The staff at the Center for Digital Humanities stands with the Movement for Black Lives in dismantling the institutions that uphold systemic racism. We are committed to bringing hidden systems to light, to empowering and supporting research that works toward social justice. We ourselves re-commit to self-examination, self-education, and self-critique in a world where whiteness upholds both economic and informational power structures.
We follow the work of Safiya Noble, whose Algorithms of Oppression taught us that there is no such thing as a neutral algorithm. Ruha Benjamin’s Just Data Lab works to “rethink and retool data for justice,” and her portal on “Policing + Abolition” helps us see how technology has empowered and continues to empower white supremacy, but also how it can be thoughtfully and creatively deployed in the service of a better world. Technological and informational bias is everywhere, and powerful projects have begun to correct it, from Mimi Onuoha’s Missing Data Sets project to our three-year engagement with Jim Casey and Gabrielle Foreman’s Colored Conventions Project, and the annual Douglass Day transcribe-a-thons that bring thousands of people together to expand the historical record.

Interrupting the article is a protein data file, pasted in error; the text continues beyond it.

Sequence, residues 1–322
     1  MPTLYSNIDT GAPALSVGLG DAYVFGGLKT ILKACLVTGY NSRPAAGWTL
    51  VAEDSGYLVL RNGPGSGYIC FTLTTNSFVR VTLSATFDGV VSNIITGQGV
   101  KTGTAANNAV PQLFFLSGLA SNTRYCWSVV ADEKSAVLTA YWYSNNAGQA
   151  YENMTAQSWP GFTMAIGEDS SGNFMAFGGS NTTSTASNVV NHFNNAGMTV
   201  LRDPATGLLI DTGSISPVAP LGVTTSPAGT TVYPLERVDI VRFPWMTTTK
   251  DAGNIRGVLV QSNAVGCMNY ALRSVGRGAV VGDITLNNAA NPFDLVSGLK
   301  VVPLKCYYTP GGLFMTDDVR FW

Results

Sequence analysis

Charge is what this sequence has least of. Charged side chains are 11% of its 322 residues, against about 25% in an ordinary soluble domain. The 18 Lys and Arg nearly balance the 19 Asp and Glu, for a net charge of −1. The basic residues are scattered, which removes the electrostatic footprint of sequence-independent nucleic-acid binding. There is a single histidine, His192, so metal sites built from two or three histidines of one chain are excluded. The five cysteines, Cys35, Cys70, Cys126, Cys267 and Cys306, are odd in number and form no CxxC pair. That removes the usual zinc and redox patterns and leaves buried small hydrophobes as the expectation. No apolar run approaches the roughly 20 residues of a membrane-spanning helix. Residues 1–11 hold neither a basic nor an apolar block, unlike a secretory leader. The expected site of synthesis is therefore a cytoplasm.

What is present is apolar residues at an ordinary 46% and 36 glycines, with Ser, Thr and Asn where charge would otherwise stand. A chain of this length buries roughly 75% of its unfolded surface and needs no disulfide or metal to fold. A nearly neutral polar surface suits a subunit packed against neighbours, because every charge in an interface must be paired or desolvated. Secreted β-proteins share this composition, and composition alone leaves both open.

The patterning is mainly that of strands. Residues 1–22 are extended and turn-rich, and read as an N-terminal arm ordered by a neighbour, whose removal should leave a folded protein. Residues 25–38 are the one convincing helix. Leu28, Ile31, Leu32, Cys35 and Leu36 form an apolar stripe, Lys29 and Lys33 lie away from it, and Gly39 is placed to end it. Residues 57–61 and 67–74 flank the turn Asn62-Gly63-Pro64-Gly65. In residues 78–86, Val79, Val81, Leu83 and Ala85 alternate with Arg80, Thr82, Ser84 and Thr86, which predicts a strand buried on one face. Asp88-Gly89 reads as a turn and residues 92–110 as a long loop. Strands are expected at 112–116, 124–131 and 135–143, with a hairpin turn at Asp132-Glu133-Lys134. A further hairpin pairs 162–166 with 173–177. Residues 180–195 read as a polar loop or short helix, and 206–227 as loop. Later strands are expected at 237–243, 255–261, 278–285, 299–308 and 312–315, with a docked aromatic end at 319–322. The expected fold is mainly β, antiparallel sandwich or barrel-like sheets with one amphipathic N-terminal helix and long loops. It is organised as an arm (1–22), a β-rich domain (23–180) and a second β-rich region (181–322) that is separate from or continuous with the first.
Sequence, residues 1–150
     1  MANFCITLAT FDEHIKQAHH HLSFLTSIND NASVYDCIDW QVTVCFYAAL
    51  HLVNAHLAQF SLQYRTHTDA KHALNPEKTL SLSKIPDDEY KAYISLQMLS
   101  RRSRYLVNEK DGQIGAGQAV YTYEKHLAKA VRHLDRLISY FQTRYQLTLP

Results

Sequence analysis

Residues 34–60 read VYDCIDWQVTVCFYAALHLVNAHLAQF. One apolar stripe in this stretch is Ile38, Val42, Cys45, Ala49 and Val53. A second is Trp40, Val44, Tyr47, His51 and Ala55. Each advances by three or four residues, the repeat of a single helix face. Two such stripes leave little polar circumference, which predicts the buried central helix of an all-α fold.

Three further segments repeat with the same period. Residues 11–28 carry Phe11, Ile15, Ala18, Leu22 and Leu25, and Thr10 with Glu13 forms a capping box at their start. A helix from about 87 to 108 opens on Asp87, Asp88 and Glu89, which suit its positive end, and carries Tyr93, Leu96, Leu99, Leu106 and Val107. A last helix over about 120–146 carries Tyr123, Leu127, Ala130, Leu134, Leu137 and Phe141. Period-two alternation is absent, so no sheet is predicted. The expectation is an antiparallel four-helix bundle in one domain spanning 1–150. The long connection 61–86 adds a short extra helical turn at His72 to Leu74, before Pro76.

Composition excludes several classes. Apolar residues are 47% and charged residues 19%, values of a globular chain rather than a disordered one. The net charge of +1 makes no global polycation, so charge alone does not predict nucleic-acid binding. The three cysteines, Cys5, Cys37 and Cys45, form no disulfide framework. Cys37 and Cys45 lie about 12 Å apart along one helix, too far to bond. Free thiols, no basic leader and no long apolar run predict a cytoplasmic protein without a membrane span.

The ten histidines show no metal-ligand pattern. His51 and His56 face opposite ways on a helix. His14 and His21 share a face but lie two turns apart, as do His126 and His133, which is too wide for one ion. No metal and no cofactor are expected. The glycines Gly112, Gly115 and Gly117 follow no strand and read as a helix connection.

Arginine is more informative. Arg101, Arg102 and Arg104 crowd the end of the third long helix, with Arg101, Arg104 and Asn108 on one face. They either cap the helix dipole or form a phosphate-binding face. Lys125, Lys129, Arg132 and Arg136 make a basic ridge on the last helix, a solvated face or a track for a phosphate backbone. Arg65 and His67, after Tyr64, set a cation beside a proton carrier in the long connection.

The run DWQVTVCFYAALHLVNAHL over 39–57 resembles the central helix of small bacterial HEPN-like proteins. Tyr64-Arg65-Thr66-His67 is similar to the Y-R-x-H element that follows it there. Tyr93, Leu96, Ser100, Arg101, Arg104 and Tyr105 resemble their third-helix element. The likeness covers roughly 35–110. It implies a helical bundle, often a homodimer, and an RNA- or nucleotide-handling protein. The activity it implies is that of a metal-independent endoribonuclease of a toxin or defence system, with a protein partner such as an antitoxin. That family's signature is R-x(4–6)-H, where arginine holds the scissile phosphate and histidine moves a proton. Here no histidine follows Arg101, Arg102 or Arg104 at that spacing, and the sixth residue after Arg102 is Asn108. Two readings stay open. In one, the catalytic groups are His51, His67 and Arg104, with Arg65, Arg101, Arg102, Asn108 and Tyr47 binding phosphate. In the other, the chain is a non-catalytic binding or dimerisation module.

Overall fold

We know that it takes awareness, imagination, and hard work to interrogate the seemingly objective world of data science, especially in the still-exclusionary environment of the Ivy League. But reading about the countless examples of racism documented by the #BlackintheIvory hashtag on Twitter should remind those with privilege and power in academia that there is much work to be done.
These antiracist resources have been developed by librarians, digital humanists, community organizers, and technologists. We offer them here as the starting point of a much longer conversation, as an invitation to faculty, staff, graduate students, and undergraduates to divest from racist practices and to build networks of responsibility and accountability. We will continue to update that page with new suggestions.